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The screens at the TMX Broadcast Centre in Toronto show the closing numbers of the TSX at + 32.42 on Wednesday, July 11, 2012. (Matthew Sherwood For The Globe and Mail)
The screens at the TMX Broadcast Centre in Toronto show the closing numbers of the TSX at + 32.42 on Wednesday, July 11, 2012. (Matthew Sherwood For The Globe and Mail)

Inside the Market

At the open: TSX rises as RIM stages made-in-Canada rally Add to ...

The TSX is off to a stronger start, taking its cue from some decent gains in overseas markets this morning as U.S. markets stay closed for the Thanksgiving holiday. RIM is a notable gainer, rising more than 10 per cent.

In early trading, the S&P TSX index is up 66 points, or 0.5 per cent, at 12,166. In Europe, London's FTSE 100 is up 0.6 per cent, Germany's DAX index is up 0.8 per cent and France's CAC 40 index is up 0.39 per cent.

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The positive tone is largely thanks to the release of Chinese factory figures overnight that provided further confirmation its economy is starting to pick up the pace. HSBC's preliminary manufacturing Purchasing Managers' index rose to 50.4, the first time in 13 months the index came in above 50 points, the threshold that signifies expansion.

The data are especially encouraging for copper and Canadian resource stocks, which are heavily influenced by the demand picture in China. Electronically traded copper futures in New York are up 0.3 per cent at $3.52 (U.S.), crude oil futures are up 0.06 per cent, and gold is up 0.18 per cent at $1,731.30. The materials sector on the TSX is up 0.47 per cent, one of the top gainers.

A similar reading of both manufacturing and services in the 17-member euro zone this morning is garnering less attention than China's. It showed yet another contraction, at 45.8, little changed from October.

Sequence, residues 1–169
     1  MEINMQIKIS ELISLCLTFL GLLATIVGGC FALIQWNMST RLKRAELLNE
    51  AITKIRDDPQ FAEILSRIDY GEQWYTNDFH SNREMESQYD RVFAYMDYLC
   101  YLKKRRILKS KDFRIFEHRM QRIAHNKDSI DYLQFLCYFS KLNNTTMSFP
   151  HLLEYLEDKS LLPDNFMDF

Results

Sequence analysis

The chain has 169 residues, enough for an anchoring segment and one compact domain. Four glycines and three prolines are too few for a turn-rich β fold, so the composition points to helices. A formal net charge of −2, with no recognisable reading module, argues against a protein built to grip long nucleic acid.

Traders again will be keeping a close eye on the latest developments in the debt crisis in that part of the world. Leaders in Europe are holding budget talks today and negotiations won't be easy on a proposed 1.033 trillion-euro package. Talks on the seven-year budget for the 27-country European Union pit several wealthy member states against those seeking more aid spending.

Volumes at the TSX will undoubtedly be thinner than usual today, since the U.S. market is closed. It will reopen Friday but only for a half day.

Even without the help of the U.S., Research In Motion Ltd. is posting strong gains today on the TSX, opening up 11.7 per cent at $11.43. That's its highest level since late June and comes after National Bank Financial analyst Kris Thompson hiked his target on RIM shares this morning to $15 (U.S.) from $12. He argues there's more money to be had in advance of the launch of the new BlackBerry 10 on Jan. 30.

He is the second analyst this week to boost his target, following a similar move by Peter Misek of Jefferies & Co., who doubled his to $10, saying he’s seeing better-than-expected support from carriers.

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